05 December 2008

Why Michelle Rhee is dangerous to children

I don't know why I read David Brooks' New York Times column. He is that kind of faux intellectual who mistakes travel for observation, and reading for learning, and no matter what he discusses, his conclusions drive me wild.

Today I read his love letter to "educators" Joel Klein (of New York City's school system) and Michelle Rhee (of Washington, DC). You can tell by Brooks' tone that he really wants President-Elect Obama to pick Michelle Rhee (or "Ms. Merit Pay" as we might call her) as Secretary of Education, though he is nervous about coming out and saying it, lest his dreams not come true.

Read this paragraph: "On the one hand, there are the reformers like Joel Klein and Michelle Rhee, who support merit pay for good teachers, charter schools and tough accountability standards. On the other hand, there are the teachers’ unions and the members of the Ed School establishment, who emphasize greater funding, smaller class sizes and superficial reforms."

Wow. Here's what Brooks is in favor of, the very same system that has worked so well for Wall Street this year, that "market-based solution," that has caused us to spend about $550 billion dollars to save Brooks' Manhattan and Connecticut friends and leave us with no money to save ten million manufacturing jobs.

"Merit Pay" - which brings to education the same "bonus for short term gain" strategy that enabled AIG, Bear Sterns, Citigroup, Lehman Brothers, et al, to somehow misplace $7 trillion. we are already awash in the nonsense of "Scientific Research in Education" which provides studies that prove that if you do this this month the results on a perfectly matched test will improve next month (so what if the kid drops out five years later and hates reading for his lifetime?).

"Tough Accountability" - which means we offer educators incentives to teach to the test, to fake student results, to lie about what is going on in their schools, to limit what the forms of inquiry and education which are happening on in their schools. This is the same incentive system which encouraged Wall Street bond raters to claim everything was "AAA" and local real estate appraisers to claim that every house was worth double its value the previous year.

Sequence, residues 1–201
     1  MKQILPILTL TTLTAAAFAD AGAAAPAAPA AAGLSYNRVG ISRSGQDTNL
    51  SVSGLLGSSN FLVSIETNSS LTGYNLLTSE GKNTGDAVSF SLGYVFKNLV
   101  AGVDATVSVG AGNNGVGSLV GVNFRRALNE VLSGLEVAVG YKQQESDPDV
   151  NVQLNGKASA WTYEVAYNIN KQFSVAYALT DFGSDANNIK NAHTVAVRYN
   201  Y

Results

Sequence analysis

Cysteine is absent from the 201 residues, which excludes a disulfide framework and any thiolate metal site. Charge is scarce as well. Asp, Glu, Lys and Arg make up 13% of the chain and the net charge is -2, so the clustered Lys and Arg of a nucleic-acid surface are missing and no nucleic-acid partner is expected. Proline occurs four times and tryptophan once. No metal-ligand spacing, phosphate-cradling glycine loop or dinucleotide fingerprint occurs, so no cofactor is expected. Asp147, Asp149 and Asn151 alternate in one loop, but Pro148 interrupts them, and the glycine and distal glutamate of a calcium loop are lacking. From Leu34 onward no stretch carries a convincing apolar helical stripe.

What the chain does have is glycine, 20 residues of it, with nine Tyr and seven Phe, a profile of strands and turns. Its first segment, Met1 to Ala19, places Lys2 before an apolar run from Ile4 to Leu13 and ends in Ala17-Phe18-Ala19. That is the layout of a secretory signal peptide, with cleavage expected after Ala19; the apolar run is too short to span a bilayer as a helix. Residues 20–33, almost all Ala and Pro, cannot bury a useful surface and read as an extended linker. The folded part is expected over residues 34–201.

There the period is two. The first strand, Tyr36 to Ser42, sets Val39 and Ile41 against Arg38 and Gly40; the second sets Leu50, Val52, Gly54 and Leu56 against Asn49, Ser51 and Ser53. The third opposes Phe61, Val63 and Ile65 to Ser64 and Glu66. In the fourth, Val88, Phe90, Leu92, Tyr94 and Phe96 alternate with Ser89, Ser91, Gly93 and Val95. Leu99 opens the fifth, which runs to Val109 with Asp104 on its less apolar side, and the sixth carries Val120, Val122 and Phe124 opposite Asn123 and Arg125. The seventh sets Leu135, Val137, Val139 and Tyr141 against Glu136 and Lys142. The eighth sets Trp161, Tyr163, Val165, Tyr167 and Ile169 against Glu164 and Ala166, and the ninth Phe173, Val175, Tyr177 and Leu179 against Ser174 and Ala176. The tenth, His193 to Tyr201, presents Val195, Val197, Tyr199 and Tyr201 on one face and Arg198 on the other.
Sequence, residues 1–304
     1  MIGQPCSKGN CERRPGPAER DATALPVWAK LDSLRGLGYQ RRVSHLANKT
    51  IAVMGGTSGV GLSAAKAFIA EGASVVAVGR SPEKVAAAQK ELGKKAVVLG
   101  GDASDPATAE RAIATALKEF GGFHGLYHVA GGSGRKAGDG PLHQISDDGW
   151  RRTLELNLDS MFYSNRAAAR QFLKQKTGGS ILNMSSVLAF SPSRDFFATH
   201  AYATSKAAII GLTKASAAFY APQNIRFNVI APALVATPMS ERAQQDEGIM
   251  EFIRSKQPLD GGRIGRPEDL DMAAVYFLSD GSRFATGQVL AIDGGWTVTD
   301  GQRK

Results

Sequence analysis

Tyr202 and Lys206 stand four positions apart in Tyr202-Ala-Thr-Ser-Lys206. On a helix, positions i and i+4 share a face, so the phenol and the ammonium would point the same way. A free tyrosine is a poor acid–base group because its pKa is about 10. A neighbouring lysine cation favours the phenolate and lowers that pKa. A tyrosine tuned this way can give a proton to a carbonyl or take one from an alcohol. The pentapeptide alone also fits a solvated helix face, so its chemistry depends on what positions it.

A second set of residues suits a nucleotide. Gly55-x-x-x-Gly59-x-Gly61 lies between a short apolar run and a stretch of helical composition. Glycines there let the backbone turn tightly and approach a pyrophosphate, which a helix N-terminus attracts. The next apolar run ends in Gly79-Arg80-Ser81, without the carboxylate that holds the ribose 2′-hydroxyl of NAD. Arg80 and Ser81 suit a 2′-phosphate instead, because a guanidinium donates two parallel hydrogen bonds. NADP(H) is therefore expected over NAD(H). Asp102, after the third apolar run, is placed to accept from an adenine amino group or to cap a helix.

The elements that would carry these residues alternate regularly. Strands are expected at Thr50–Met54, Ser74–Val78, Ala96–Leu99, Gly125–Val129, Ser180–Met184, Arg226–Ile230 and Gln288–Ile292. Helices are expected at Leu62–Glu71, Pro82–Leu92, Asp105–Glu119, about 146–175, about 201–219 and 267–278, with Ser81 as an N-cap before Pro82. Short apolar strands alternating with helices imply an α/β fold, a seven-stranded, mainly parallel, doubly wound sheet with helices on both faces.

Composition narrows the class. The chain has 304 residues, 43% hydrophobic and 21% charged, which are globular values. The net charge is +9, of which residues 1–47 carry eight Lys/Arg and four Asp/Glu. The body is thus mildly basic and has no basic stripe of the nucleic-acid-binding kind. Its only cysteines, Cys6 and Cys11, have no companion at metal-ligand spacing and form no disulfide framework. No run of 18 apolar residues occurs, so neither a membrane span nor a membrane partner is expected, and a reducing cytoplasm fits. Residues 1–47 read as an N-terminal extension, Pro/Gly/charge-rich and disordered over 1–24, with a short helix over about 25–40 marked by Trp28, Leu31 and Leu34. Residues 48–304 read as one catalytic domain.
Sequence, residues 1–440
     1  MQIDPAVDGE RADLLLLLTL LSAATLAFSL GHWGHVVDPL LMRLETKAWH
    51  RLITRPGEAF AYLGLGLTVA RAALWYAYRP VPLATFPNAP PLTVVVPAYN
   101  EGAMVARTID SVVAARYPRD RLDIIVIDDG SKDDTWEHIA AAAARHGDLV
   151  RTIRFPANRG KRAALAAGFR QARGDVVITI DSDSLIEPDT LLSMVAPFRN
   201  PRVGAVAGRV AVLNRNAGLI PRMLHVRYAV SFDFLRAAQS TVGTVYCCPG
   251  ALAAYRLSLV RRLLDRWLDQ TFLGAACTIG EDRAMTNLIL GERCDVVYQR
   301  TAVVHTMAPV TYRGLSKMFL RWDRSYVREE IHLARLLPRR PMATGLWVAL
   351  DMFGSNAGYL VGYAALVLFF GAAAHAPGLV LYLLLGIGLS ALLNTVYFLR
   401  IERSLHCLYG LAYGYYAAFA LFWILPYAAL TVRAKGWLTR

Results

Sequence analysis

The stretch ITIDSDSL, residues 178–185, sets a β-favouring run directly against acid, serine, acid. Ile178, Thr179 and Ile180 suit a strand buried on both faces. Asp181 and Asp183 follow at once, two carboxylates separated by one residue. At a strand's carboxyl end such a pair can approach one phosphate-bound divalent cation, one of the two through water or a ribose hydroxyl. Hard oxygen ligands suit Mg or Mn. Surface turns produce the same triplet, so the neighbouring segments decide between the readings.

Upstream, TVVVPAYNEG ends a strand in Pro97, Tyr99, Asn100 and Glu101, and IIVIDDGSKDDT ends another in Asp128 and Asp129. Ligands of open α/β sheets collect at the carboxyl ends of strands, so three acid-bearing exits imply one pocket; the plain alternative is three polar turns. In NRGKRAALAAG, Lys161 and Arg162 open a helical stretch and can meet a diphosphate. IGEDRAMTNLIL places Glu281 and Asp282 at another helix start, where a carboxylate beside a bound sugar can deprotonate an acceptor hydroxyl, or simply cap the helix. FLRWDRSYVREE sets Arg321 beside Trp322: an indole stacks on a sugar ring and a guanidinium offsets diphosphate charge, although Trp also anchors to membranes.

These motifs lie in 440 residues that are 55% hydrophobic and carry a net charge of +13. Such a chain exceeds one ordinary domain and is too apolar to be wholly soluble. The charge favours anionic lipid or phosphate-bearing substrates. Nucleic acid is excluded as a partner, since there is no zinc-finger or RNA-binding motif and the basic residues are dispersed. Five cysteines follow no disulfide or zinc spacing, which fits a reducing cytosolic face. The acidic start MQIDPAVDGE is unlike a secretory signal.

Michelle Rhee is also a graduate of the worst bit of in-nation colonialism currently being practiced, the Teach for America program. The basic assumption behind TFA is that teaching is so easy, any rich kid can do it with six weeks of preparation, but the basic philosophy is that if only poor kids had rich white kids to model themselves after, they'd be fine. No need to change education, no sir, changing education would (to use Brooks's words) be "superficial. Let's insist that the kids change instead - change into, well, yes, people just like David Brooks - white, male, wealthy, and comfortable at a cocktail party on Fifth Avenue.

And Rhee believes in compliance. It has not mattered whether schools "work" or not in DC, what matters is that her administrators follow her rules.

Yup, that's the "reform we need." That's all much less superficial than, say, funding education as if it was a national priority, or paying beginning and experienced teachers in a way which suggests the value of all the education they need to be good at their jobs (thus upping status and helping recruiting and retention - would we have gotten more out of our money if teachers had been paid like bankers and brokers this decade, and vise-versa?), or bringing global technology into our schools, or decreasing class size to allow for greater individualization, or providing better support for parents so they could spend more time with their children, or even rethinking when we teach what we teach (consider Scandinavia and literacy).

Yes, Mr. Brooks, superficial indeed.